NFTs are set to become one of the cornerstones of the metaverse
NFTs enable companies to enter the virtual market of the metaverse in manifold ways. Not surprisingly, the existence of copyright-protected works in this virtual world comes with the need to reliably protect the associated legal interests. The legal framework gives rise to legal uncertainties that could hamper the effective use of NFTs. However, the legal risks that arise under copyright law can be considerably limited through careful design during the creation of NFTs and awareness of potential weaknesses in existing NFTs.
- Copyright will be one of the keys to the effective use of NFTs going forward. At present, though, NFT copyright regulation remains a grey area, with specific rules yet to be tailored to the technical specificities of NFTs.
- Acquiring an NFT of a copyright-protected work does not necessarily grant the acquirer the right to exploit that work. Through the careful design of NFTs at the minting stage, uncertainty can be prevented in this regard.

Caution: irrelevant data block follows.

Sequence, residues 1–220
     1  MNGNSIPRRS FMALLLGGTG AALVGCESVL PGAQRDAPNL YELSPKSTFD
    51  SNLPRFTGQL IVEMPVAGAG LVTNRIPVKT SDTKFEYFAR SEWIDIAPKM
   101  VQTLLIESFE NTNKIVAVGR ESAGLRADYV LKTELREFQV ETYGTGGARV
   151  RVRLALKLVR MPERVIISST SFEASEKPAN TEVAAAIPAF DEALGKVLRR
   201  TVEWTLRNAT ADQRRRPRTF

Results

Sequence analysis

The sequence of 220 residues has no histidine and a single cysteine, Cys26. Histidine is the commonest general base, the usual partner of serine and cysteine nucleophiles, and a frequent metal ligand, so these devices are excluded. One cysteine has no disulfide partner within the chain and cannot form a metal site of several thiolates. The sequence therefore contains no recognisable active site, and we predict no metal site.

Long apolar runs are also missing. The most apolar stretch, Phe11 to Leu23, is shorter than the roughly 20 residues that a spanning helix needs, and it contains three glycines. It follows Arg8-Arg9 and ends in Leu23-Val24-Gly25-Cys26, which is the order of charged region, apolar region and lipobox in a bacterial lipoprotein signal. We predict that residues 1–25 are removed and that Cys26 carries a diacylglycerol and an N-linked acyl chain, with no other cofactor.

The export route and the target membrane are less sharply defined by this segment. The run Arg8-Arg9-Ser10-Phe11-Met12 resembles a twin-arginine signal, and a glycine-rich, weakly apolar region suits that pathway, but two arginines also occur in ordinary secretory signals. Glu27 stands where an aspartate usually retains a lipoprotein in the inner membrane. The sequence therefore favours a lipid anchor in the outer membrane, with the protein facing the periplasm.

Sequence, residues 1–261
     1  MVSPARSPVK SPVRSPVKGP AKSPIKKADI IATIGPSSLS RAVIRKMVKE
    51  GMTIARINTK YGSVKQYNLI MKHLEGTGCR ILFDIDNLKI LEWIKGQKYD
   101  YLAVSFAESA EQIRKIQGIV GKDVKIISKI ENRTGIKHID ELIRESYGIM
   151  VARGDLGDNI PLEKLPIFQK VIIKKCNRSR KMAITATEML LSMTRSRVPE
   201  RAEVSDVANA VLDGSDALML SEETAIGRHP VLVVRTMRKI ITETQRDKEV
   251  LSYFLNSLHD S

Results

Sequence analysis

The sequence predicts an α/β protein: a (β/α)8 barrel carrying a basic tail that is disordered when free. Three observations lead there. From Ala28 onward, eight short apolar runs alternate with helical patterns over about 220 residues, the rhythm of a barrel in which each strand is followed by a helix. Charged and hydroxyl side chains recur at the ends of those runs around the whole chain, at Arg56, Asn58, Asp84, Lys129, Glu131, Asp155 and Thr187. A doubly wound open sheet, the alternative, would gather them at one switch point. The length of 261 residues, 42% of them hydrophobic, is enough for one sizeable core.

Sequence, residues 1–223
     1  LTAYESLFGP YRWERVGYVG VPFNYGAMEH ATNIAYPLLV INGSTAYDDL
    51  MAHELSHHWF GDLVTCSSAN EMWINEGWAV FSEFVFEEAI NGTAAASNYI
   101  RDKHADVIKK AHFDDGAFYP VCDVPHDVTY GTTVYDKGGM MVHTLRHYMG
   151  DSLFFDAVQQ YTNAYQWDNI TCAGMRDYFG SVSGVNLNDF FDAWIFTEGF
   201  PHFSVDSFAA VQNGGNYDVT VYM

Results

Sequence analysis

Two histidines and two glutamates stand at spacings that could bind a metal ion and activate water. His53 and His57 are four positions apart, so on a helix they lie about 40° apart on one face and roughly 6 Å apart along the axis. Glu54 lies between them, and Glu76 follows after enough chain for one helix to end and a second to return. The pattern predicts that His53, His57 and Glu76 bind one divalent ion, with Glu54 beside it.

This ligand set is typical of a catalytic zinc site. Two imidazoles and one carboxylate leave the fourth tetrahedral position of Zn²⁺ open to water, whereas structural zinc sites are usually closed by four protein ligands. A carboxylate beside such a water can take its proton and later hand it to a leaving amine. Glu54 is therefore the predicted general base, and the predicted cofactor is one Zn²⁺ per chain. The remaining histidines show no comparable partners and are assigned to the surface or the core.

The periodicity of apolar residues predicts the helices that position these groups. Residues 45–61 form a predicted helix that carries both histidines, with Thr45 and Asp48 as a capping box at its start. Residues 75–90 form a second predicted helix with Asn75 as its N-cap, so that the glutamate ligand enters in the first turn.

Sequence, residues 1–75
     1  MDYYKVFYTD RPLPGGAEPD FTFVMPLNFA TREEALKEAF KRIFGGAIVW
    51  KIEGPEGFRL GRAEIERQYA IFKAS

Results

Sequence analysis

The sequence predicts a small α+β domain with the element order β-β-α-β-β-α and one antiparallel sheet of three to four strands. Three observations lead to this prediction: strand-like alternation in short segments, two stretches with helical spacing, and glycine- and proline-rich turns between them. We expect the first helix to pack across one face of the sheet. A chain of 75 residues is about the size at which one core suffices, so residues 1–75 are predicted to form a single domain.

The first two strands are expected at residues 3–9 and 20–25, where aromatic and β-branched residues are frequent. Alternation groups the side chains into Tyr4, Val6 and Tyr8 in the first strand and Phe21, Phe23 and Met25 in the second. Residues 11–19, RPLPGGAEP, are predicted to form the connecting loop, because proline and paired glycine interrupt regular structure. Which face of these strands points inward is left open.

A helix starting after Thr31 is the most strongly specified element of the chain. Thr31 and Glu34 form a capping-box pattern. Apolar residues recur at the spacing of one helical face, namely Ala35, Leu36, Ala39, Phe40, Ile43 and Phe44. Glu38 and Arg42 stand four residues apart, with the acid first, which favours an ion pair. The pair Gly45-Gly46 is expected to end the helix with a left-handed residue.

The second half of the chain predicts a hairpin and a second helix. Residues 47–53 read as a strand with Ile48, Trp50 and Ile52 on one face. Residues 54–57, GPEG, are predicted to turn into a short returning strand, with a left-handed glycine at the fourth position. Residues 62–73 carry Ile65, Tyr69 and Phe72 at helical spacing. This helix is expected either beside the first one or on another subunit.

- Minting an NFT likely constitutes an act of exploitation under copyright law, which would entitle the authors of the original work to legal remedies if the NFT is minted without the author’s consent.
The potential of NFTs and existing copyright-related challenges
Skyrocketing revenues and the promise of irrefutable authenticity have caused NFTs to stir up markets worldwide. Regularly touted as “ground-breaking” and “revolutionary“, NFT projects have taken off, particularly with respect to the sale of digital art and other digital copyright-protected works. The CryptoPunks and Bored Ape NFTs which represent pixeled images of punks and portraits of cartoon apes are only a few examples of countless NFT projects that have astonished the general public.
In a period when the metaverse is purported to become an integral part of people’s daily life, NFTs bear known and unknown opportunities for companies entering the virtual world. Being uniquely identifiable and providing transparency for any act of transfer, NFTs may serve as a reliable instrument to safeguard legal interests if used properly. Conversely, the metaverse will provide NFTs with thriving new fields of application, as NFTs are used as a medium of exchange, tickets to events, and most importantly, to track the ownership of various digital artworks.